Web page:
This year’s 50th anniversary of the 1965 Voting Rights Act has been a bittersweet milestone. The passage of the act is rightly regarded as a landmark legislative achievement.
Part of what makes doing history so exciting is that the questions and interpretive challenges never really end. In the process of tackling one question, a new one always emerges.
On June 10, the chief judge of the Northern District of Illinois granted a petition to unseal the records of a 1942 grand jury proceeding in response to a suit brought by the Reporters Committee for Freedom of the Press (RCFP) in November 2014.
The 2nd U.S. Circuit Court of Appeals has ruled Section 215 of the Patriot Act illegal under federal law but did not rule on constitutionality. Dane Kennedy reports back on a recent seminar discussion that provides historical perspective on this issue.
In the summer issue of Perspectives on History, published online, historians wrote about the historical context of the Supreme Court decision on Burwell v. Hobby Lobby.
Guided by the conviction that history and historical thinking can help illuminate just about any contemporary discussion, Perspectives on History has, for three years running, invited historians to comment on significant Supreme Court decisions.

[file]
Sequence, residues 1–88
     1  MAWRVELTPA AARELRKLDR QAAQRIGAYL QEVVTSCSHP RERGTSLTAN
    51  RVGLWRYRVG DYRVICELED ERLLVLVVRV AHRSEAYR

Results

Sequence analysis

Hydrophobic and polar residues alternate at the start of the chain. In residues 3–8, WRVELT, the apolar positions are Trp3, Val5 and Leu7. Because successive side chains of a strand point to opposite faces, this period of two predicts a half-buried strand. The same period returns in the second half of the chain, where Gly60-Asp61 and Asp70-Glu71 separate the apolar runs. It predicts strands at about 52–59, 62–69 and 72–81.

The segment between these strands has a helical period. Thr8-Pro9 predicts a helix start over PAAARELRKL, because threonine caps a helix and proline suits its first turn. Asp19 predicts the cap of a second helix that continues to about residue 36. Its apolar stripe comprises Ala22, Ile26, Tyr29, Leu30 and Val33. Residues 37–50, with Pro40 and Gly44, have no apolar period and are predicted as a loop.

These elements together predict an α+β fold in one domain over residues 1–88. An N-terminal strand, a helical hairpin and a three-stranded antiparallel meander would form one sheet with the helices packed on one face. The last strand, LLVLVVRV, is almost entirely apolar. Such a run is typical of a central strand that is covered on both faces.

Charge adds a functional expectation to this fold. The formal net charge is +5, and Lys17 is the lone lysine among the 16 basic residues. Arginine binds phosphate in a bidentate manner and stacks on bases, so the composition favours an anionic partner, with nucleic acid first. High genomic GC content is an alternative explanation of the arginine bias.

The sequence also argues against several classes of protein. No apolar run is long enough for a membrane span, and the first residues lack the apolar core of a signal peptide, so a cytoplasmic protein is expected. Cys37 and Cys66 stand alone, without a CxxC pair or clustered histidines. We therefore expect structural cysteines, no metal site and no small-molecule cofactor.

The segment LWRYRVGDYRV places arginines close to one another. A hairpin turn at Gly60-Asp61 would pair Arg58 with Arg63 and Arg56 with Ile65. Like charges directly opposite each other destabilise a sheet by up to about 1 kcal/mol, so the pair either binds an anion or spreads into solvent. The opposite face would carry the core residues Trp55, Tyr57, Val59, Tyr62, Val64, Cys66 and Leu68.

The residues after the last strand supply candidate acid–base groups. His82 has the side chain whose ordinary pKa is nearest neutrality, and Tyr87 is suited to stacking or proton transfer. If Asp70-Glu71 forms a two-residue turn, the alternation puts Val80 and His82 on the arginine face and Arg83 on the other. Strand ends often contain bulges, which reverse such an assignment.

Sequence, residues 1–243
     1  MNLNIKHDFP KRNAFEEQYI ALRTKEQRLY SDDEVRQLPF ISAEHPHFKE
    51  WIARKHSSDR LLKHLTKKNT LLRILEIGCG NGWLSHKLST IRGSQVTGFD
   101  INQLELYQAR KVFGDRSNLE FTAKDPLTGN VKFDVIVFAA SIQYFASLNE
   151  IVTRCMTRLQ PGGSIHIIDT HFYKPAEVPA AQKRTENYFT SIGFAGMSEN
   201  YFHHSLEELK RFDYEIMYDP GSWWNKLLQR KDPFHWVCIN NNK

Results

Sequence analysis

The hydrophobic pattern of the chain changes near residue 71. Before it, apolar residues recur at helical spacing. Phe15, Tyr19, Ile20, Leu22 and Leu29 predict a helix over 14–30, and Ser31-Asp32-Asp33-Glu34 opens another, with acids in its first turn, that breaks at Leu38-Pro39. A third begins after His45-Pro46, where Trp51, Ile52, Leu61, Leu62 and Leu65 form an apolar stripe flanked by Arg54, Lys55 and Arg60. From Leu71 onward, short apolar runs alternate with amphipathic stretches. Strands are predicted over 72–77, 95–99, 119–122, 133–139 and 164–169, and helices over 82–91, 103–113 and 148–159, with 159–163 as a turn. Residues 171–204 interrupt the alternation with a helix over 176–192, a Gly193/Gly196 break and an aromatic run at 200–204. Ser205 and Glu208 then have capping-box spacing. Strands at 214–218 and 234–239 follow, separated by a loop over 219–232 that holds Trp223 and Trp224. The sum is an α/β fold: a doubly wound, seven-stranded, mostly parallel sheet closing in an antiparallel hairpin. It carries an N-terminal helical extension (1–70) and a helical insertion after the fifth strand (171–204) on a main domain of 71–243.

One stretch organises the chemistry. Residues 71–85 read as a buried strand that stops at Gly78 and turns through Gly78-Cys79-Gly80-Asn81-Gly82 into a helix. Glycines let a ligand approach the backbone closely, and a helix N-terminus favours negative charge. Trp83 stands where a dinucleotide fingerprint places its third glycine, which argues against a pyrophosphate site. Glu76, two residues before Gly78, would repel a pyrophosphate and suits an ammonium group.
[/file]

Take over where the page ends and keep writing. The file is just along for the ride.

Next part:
Just over one year ago, the Supreme Court handed down its ruling on the Affordable Care Act, and Perspectives on History organized its first AHA Roundtable, guided by the idea that history and historical thinking has something to offer just about any contemporary discussion on any contemporary topic.
As we have often tried to demonstrate, we at the AHA believe that public discourse on any topic benefits from historical context and historical thinking. In that spirit, we’re rolling out a series of AHA Roundtables on two of the significant Supreme Court decisions handed down this summer. We have asked a group of historians to comment on these opinions, and we’ll be posting their responses over the next two weeks.